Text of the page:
software solutions / project leadership / agile coaching and training

Helping everyday developers succeed

Posted on January 22, 2009

Software development is hard. You have to know how to use so many different tools and you have to try and keep up with it all.

Lately I’ve been hearing some griping about certain tools that people feel are trading good software design principles for ease of use. Many of these tools usually have some kind of drag-and-drop designer functionality that is designed to help you get things done faster. The griping comes from the fact that these tools can cause developers to make poor design decisions because the drag-and-drop tool led them in the wrong direction. I can’t say that I disagree with these complaints.

There are two sides of every coin, so let’s swing the pendulum the other way. Many open source libraries that I’ve seen take a different approach to design and the people that write them say that they’re not writing them for the novice user and that you will have to be familiar with advanced design patterns in order to use these tools. I think this is a good thing because software development is complicated and it’s OK to have make a library more complicated so that it fits in with good design patterns (like the need for an IoC container in FubuMVC).

Sometimes I wonder if we could do more to make these complicated tools easier to use. Take ORMs for example. Most people out there would agree that NHibernate is the most fully-functional ORM that we have. Yet I was on a project a couple years ago where developers floundered around trying to get their NHibernate mapping files to work (usually because of stupid stuff like typos, not making the .hbm.xml files Embedded Resources, not fully qualifying an assembly name, not making something virtual, etc.). Eventually we got better at it and we learned the tricks, but we wasted a ton of time trying to fix stupid mapping file issues.

For the next project I was on, we chose LINQ to SQL over NHibernate (this was in early 2008 when LINQ to SQL had just come out). I had an existing database with my tables in it, so I dragged them all into the LINQ to SQL designer and started writing business logic. It was amazing! It all just worked!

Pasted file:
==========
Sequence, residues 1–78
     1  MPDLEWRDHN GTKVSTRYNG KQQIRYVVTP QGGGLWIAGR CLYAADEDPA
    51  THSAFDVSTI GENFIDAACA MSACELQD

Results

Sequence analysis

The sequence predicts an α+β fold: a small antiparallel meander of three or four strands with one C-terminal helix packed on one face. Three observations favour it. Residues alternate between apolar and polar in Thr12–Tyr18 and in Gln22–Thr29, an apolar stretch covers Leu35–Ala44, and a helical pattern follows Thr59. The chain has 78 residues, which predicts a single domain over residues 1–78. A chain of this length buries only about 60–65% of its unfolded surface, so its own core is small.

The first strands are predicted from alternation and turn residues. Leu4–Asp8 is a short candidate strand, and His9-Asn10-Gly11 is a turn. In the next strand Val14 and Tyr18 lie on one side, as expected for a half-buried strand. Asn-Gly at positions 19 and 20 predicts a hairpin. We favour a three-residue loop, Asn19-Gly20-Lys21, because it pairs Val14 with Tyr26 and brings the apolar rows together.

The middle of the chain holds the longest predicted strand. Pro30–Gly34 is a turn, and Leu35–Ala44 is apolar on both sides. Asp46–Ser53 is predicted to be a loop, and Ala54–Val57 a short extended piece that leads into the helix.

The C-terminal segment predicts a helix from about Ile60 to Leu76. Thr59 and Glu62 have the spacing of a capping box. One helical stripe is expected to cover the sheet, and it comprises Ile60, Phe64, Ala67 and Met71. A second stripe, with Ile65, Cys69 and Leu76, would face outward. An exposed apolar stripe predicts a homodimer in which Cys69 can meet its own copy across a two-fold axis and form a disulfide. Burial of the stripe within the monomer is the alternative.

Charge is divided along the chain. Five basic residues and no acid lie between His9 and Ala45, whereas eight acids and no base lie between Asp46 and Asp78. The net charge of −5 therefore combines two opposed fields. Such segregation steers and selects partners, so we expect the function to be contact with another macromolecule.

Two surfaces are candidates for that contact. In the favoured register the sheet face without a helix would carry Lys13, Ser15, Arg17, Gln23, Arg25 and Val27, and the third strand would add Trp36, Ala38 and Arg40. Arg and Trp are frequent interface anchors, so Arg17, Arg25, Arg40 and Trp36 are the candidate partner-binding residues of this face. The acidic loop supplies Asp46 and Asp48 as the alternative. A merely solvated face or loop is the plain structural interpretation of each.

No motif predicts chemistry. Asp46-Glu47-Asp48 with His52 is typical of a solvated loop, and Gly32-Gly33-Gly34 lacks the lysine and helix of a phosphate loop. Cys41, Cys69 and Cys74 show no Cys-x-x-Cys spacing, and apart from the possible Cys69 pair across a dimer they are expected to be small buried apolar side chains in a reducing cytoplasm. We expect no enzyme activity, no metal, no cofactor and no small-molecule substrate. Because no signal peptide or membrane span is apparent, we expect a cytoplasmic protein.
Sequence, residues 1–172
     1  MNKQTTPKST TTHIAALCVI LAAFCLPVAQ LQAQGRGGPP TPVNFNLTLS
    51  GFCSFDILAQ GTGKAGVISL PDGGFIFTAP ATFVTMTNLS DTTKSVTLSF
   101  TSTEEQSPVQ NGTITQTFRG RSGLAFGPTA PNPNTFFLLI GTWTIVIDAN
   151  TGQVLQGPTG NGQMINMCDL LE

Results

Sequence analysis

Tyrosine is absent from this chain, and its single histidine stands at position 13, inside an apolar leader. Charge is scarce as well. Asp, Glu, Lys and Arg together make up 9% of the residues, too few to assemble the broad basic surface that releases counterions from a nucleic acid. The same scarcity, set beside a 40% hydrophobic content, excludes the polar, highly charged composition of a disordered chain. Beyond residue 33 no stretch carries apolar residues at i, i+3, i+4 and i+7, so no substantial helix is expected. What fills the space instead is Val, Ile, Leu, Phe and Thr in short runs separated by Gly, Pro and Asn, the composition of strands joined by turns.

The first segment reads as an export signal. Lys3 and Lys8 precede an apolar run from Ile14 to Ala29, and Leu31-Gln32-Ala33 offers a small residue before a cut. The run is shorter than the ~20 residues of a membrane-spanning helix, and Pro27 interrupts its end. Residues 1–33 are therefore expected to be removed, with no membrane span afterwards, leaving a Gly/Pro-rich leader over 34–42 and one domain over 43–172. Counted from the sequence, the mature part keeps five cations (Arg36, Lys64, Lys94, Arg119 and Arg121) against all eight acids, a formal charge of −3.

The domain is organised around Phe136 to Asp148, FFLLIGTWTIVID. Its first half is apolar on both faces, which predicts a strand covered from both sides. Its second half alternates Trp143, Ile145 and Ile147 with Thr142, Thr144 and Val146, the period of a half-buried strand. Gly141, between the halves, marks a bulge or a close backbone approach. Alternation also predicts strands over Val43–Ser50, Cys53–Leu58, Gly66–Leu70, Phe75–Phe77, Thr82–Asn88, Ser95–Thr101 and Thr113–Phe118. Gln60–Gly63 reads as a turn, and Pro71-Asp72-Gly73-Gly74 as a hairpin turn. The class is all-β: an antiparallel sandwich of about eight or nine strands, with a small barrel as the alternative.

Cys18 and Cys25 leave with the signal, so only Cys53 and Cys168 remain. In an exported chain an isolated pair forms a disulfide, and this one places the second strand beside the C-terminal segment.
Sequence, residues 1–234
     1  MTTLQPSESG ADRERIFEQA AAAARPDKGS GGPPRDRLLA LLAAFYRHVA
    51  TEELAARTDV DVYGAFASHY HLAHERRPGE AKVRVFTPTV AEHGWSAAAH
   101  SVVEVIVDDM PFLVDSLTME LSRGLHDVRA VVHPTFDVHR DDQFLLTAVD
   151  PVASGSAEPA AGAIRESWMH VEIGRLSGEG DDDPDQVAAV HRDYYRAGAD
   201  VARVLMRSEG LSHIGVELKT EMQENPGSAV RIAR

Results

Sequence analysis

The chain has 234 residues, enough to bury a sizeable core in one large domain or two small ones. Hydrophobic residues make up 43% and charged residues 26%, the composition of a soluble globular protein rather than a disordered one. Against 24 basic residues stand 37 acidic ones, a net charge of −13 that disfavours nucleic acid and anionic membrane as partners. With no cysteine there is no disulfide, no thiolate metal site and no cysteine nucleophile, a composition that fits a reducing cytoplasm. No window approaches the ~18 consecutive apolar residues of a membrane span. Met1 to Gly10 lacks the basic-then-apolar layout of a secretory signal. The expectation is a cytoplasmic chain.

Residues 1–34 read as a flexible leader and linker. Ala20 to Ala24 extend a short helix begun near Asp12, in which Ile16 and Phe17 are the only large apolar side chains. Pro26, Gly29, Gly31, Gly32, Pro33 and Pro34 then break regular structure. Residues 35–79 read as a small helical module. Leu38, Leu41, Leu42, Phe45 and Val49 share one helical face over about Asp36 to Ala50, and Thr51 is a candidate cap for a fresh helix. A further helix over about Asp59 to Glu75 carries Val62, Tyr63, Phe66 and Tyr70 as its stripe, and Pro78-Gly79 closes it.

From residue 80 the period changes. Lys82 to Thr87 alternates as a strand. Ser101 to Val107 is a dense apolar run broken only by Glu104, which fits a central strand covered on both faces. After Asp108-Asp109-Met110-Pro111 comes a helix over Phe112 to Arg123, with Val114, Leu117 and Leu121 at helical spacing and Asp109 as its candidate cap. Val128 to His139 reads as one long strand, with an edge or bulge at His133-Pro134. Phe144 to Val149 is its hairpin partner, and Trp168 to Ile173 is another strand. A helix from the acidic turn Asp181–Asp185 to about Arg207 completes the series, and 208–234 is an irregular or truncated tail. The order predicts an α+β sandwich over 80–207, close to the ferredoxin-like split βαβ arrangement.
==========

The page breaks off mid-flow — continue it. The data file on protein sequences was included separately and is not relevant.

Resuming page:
Now that led me into other pitfalls because now I had to map my objects 1:1 with my database tables, and crap from the database concerns cluttered up my model and caused a lot of grief. But even with that, we got work done much faster with LINQ to SQL than with NHibernate. Does this mean that LINQ to SQL is “better” than NHibernate? I wouldn’t say that, yet I was able to be more successful with LINQ to SQL. This is an important thing to note.

Open source tools like NHibernate are usually written by really smart people. Really smart people have no trouble figuring out complicated stuff. Sure, they may experience the same pain at first, but they pick it up quickly. All of the other really smart people that they talk to understand it too.

Not everyone is really really smart, unfortunately. I hear a lot of people harp on NHibernate and say it’s way too hard to use, that it’s not worth it, that there has to be a better way, etc. Most of these opinions come from a bad experience that they had with NHibernate.

I can’t discount these opinions that people may have. While these same people may agree that NHibernate is the most fully-featured ORM out there, for them it is not the ORM that will make them the most successful. I know a lot of people in this camp and they are not stupid people and they aren’t too lazy to learn NHibernate. It’s just that NHibernate did not lead them into the pit of success.